Google’s founders, Sergei Brin and Larry Page, have saved millions of dollars in fuel costs and property taxes through a lease deal with NASA Ames that allows them to house their private aircraft at Moffett Field, according to an investigation by NBC Bay Area.
Nearly $8 million worth of jet fuel that sold for as little as $1.68 a gallon was put into a fleet of seven different airplanes and two helicopters that are kept on taxpayer-owned land at NASA’s Ames Research Center at Moffett Field. The same jet fuel sells for two to four-and-a-half times that amount, up to $8.05 a gallon, at fixed-base operators at nearby airports in the Bay Area.
This was made possible under a NASA Space Agreement which has allowed these planes to be housed at Moffett Field since 2007. In exchange, H211 agreed to pay NASA first $113,365.74 a month in rent. That figure later dropped to $108,938.62 a month in rent and NASA was allowed to use the planes for science.
But an examination of records by NBC Bay Area in May 2012 showed that only 155 out of more than 1,039 flights were actually used for science. And these newly released fuel records show the planes used the below-market-rate fuel to fly to exotic places around the world, such as Paris, London, Cancun, Scotland, Puerto Vallarta, St. John, Hawaii, Liberia and Tahiti….
During NBC Bay Area’s investigation into these fuel records, the Defense Department announced that, effective August 31, 2013, the government will no longer sell jet fuel to H211….
Local officials in Santa Clara County confirm that the company owned by the Google founders, H211, pays no property taxes on the airplanes that are housed at Moffett—a potential loss to local tax rolls of up to $500,000 per airplane per year.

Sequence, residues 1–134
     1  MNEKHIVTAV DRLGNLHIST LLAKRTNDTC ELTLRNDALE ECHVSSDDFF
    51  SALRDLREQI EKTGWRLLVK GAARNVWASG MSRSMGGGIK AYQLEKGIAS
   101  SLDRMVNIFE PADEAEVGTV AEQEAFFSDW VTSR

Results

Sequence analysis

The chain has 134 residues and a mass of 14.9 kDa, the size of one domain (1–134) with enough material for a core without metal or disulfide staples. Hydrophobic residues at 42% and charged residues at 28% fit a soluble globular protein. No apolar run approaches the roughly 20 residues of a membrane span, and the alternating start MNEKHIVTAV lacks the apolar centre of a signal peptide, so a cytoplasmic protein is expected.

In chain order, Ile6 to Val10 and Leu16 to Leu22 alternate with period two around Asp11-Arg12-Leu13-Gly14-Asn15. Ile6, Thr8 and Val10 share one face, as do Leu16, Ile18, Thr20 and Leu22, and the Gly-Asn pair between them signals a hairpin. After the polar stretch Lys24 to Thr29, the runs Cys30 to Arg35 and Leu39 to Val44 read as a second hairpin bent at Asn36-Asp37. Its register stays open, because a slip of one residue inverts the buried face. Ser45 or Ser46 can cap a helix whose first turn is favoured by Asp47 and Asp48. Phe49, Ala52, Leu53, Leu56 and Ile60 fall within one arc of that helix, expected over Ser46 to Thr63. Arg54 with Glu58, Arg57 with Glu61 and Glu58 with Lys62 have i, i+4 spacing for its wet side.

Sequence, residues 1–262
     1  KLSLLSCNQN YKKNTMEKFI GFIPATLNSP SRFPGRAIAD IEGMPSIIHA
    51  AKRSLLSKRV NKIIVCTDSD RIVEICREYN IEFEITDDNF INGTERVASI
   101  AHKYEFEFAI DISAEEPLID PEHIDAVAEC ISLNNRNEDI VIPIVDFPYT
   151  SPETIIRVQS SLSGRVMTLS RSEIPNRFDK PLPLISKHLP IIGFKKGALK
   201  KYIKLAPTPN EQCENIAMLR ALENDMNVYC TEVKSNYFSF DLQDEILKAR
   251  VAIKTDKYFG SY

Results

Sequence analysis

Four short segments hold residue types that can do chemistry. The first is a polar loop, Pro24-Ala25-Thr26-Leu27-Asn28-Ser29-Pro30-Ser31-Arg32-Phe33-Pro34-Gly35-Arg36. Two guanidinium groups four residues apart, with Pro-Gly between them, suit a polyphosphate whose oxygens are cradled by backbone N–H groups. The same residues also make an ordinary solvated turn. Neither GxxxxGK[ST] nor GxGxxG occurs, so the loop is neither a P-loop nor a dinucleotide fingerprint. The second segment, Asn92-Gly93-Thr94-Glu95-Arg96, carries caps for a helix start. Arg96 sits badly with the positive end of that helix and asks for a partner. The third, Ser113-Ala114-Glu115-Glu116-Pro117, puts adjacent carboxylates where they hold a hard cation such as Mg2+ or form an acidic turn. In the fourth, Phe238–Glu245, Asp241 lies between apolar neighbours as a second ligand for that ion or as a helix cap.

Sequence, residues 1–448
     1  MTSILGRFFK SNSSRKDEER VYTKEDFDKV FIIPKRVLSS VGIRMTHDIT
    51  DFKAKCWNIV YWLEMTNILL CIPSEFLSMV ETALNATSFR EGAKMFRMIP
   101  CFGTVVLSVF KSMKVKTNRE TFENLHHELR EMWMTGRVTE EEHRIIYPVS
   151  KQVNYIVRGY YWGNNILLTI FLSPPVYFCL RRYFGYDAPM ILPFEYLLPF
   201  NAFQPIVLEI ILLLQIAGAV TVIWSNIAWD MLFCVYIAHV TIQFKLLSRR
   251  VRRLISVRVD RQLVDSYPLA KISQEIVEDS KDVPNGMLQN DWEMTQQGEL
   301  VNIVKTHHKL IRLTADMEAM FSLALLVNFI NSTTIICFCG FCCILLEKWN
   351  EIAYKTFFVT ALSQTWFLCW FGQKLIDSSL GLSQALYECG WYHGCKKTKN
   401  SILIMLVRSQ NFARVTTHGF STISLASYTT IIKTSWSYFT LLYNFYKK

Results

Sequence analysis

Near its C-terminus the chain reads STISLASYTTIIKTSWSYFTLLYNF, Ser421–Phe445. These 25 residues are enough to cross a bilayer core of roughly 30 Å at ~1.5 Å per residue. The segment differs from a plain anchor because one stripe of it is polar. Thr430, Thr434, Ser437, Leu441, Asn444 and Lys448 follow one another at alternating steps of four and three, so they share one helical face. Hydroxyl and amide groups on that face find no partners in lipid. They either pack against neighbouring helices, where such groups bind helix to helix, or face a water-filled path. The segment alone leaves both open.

NASA officials have defended the deal as bringing in much needed revenue for the upkeep of Moffett Field as well as allowing the space agency to conduct atmospheric science. A company official said they had no choice but to buy fuel from the government.
Sen. Chuck Grassley (R-IA) is outraged by the deal, saying it reeks of favoritism and taxpayer subsidies of private companies. He is calling for separate investigations into the lease agreement by the inspectors general of NASA and the Department of Defense.
The controversy could increase calls in Congress to rein in NASA’s increasing use of Space Act Agreements. Elected officials are concerned the space agency has made too much use of these agreements, which often bypass traditional bidding and proposal rules and limit Congressional oversight.
NASA’s Inspector General is already conducting a comprehensive review of all of the space agency’s Space Act Agreements at the behest of Congress. It is unknown when the results of that review will be made available.
Dual IG investigations focusing specifically on the aircraft deal would bring unwanted scrutiny on NASA Ames Center Director Pete Worden, who has been at odds with Administrator Charles Bolden. Earlier this year, rumor surfaced that Bolden wanted to re-assign Worden out of NASA Ames, but nothing happened.
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